On June 19, 2013, Judge Marvin Aspen from the U.S. District Court for the Northern District of Illinois issued a ruling in a case brought by DeBofsky, Sherman & Casciari. Schlattman v. United of Omaha Life Ins.Co., 2013 U.S.Dist.LEXIS 85906 (N.D.Ill. June 19, 2013) is yet another ruling preserving the uninterrupted streak of court rulings upholding the Illinois ban on the inclusion of discretionary clauses in health and disability insurance policies. The court determined that 50 Ill.Admin.Code § 2001.3 was properly promulgated within the scope of the authority possessed by the Illinois Insurance Director and that the regulation survives an assertion of ERISA preemption. The regulation provides:

No policy, contract, certificate, endorsement, rider application or agreement offered or issued in this State, by a health carrier, to provide, deliver, arrange for, pay for or reimburse any of the costs of health care services or of a disability may contain a provision purporting to reserve discretion to the health carrier to interpret the terms of the contract, or to provide standards of interpretation or review that are inconsistent with the laws of this State.

In addressing the Director’s regulatory authority, the court first flatly rejected an argument that while some discretionary clauses are impermissible, others would be appropriate. The court determined:

The language in a given policy either legally suffices to grant the administrator discretion, or it does not. As a result, the language either entitles the administrator’s decisions to deferential review, or it does not. Defendant has not offered any legal authority or practical example describing how one grant of discretion could effectively differ from another. The eventual exercise of that discretion by an administrator in a particular circumstance may be less fair or more fair. But neither the grant of discretion itself, nor the resultant shift in the standard of review, contain shades of gray. Accordingly, if the Director had the authority to void the grant of discretion, that ban logically would apply across the board.

The court further determined that the Director’s authority to issue the regulation was within the Director’s “latitude and discretion to adopt regulations that are reasonably necessary to performs its statutory duties.” (citations omitted). Because the Director explained in the notice of issuance of the regulation that “the grant of sole discretion to interpret policies–due to the resultant shift in the standard of review–was unfair, inequitable, and/or in contravention of the public policy of the State of Illinois, which seeks to protect insurance consumers,” the regulation had an adequate basis. The court also pointed out that “Section 2001.3 effectuates Illinois public policy.” (citing Zaccone v. Standard Life Ins. Co., No. 10 C 33, 2013 U.S. Dist. LEXIS 62062, 2013 WL 1849515, at *2, 12 (N.D. Ill. May 1, 2013) (noting that “Illinois has determined that discretionary clauses are against public policy”); Zuckerman, 2012 U.S. Dist. LEXIS 128204, 2012 WL 3903780, at *5-6; Curtis v. Hartford Life & Accident Ins. Co., No. 11 C 2448, 2012 U.S. Dist. LEXIS 5423, 2012 WL 138608, at *2, 9 (N.D. Ill. Jan. 18, 2012) (concluding that Delaware law, which allowed discretionary clauses, was contrary to Section 2001.3 “and the public policy of Illinois”)). Hence, the court concluded, “Section 2001.3 thus shields the public from several of the harms identified in 215 ILCS 5/143(1) and, moreover, furthers Illinois’ stated public policy of protecting insurance consumers.” The cited statutory provision recites that the Director is required to withhold approval of any insurance policy that “contains provisions which encourage misrepresentation or are unjust, unfair, inequitable, ambiguous, misleading, inconsistent, deceptive, contrary to law or to the public policy of this State, or contains exceptions and conditions that unreasonably or deceptively affect the risk purported to be assumed in the general coverage of the policy.” 215 ILCS 5/143(1).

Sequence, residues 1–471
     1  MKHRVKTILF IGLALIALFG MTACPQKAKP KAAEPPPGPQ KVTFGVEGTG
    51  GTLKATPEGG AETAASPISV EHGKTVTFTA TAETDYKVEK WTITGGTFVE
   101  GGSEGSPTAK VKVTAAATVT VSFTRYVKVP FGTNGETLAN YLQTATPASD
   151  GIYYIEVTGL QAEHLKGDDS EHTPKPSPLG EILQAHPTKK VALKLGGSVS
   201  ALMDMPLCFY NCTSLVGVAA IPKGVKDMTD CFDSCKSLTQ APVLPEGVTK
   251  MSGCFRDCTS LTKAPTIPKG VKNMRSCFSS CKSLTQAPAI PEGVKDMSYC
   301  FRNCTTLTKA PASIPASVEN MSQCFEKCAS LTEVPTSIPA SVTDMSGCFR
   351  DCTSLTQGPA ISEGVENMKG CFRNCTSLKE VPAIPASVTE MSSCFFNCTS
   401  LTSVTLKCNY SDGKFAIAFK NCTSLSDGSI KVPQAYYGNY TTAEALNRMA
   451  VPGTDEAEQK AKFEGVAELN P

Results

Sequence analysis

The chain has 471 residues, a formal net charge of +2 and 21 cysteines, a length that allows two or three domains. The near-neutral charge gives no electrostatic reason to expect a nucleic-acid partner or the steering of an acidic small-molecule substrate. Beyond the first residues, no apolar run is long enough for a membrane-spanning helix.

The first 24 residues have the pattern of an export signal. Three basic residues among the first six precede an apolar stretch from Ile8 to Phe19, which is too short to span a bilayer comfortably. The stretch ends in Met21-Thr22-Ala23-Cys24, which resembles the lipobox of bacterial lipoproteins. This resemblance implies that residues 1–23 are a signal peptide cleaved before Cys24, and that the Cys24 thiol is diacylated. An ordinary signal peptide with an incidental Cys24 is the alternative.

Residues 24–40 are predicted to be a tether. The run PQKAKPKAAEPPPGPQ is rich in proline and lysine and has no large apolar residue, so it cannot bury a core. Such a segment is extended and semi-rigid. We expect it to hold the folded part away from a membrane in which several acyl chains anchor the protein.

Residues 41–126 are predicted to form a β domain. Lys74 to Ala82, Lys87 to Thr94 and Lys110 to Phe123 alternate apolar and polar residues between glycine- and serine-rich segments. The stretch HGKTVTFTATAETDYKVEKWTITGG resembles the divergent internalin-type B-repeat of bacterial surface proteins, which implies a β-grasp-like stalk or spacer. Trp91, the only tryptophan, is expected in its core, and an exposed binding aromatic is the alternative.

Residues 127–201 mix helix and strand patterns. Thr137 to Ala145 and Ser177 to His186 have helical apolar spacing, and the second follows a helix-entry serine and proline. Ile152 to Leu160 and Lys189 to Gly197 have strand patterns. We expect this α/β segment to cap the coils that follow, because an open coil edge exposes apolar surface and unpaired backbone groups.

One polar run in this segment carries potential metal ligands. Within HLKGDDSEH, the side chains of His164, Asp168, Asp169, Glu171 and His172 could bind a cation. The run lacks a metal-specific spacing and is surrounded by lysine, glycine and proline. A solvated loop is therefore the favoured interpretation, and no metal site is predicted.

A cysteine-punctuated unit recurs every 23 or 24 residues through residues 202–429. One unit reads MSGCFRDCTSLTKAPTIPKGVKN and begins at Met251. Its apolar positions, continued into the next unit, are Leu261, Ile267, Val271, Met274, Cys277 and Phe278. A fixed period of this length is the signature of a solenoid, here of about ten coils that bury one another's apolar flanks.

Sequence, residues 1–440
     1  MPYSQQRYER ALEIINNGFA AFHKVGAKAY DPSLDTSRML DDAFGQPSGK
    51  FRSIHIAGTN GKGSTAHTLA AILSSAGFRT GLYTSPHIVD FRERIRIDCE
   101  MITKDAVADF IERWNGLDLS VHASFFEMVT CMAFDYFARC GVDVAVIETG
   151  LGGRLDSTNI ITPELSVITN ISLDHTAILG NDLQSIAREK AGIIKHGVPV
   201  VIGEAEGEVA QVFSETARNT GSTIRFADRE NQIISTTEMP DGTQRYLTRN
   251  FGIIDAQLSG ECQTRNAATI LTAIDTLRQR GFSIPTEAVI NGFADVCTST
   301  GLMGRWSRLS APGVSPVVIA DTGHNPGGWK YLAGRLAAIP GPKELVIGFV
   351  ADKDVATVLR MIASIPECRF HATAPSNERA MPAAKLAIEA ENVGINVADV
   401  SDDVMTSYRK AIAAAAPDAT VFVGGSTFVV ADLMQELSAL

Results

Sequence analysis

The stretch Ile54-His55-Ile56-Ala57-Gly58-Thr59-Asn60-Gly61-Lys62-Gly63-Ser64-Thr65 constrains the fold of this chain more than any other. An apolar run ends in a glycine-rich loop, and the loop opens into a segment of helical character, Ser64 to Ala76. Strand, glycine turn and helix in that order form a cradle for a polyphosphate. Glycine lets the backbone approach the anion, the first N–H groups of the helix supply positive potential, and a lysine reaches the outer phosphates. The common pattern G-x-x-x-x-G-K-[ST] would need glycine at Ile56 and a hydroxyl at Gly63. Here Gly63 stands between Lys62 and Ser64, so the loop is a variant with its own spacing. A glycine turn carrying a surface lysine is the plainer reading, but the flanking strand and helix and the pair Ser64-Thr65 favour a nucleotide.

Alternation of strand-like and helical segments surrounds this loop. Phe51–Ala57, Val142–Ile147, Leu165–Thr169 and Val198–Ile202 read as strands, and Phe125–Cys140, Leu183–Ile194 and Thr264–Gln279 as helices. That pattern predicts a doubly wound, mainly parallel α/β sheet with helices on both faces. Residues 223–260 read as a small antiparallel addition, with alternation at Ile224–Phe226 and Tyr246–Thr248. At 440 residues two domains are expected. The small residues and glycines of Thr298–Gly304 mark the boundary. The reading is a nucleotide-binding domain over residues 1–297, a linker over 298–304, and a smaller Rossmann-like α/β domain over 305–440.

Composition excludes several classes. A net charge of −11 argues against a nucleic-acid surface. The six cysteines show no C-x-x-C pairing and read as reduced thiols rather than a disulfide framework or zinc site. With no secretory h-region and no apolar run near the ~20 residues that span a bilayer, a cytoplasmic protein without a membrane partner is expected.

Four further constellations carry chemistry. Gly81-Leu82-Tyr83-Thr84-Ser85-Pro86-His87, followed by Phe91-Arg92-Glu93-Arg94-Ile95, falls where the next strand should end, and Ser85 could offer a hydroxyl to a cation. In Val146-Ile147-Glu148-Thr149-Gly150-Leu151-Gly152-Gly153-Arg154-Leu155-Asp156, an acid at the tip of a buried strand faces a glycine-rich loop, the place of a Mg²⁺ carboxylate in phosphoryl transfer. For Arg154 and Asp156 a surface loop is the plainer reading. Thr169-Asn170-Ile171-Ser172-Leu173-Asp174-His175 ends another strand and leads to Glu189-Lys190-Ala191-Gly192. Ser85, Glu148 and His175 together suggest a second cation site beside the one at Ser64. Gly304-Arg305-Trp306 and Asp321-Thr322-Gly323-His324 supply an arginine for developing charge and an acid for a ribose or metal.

The ERISA preemption argument was also quickly disposed of based on the court’s comment that the same argument had been “vetted and rejected by two circuit courts of appeal (considering similar regulations) and no less than seven judges within the Northern District of Illinois (considering Section 2001.3 specifically). Morrison, 584 F.3d at 841-45; Am. Council of Life Insurers, 558 F.3d 600, 604-07 (6th Cir. 2009); Zaccone, 2013 U.S. Dist. LEXIS 62062, 2013 WL 1849515, at *3-5 (Cole, Mag. J.); Borich v. Life Ins. Co. of N. Am., No. 12 C 374, 2013 U.S. Dist. LEXIS 59674, 2013 WL 1788478, at *3-4 (N.D. Ill. Apr. 25, 2013) (Tharp, J.); Difatta v. Baxter Int’l, Inc., No. 12 C 5023, 2013 U.S. Dist. LEXIS 6360, 2013 WL 157952, at *3 (N.D. Ill. Jan. 15, 2013) (Feinerman, J.); Ehas v. Life Ins. Co. of N. Am., No. 12 C 3537, 2012 U.S. Dist. LEXIS 169151, 2012 WL 5989215, at *7-10 (N.D. Ill. Nov. 29, 2012) (St. Eve, J.); Zuckerman, 2012 U.S. Dist. LEXIS 128204, 2012 WL 3903780, at *6-10 (Tharp, J.); Barrett v. Life Ins. Co. of N. Am., 868 F. Supp. 2d 779, 781 (N.D. Ill. 2012) (Shadur, J.); Curtis, 2012 U.S. Dist. LEXIS 5423, 2012 WL 138608, at *9-10 (Gilbert, Mag. J.); Ball v. Standard Ins. Co., No. 09 C 3668, 2011 U.S. Dist. LEXIS 19146, 2011 WL 759952, at *2-7 (N.D. Ill. Feb. 23, 2011) (Keys, Mag. J.).

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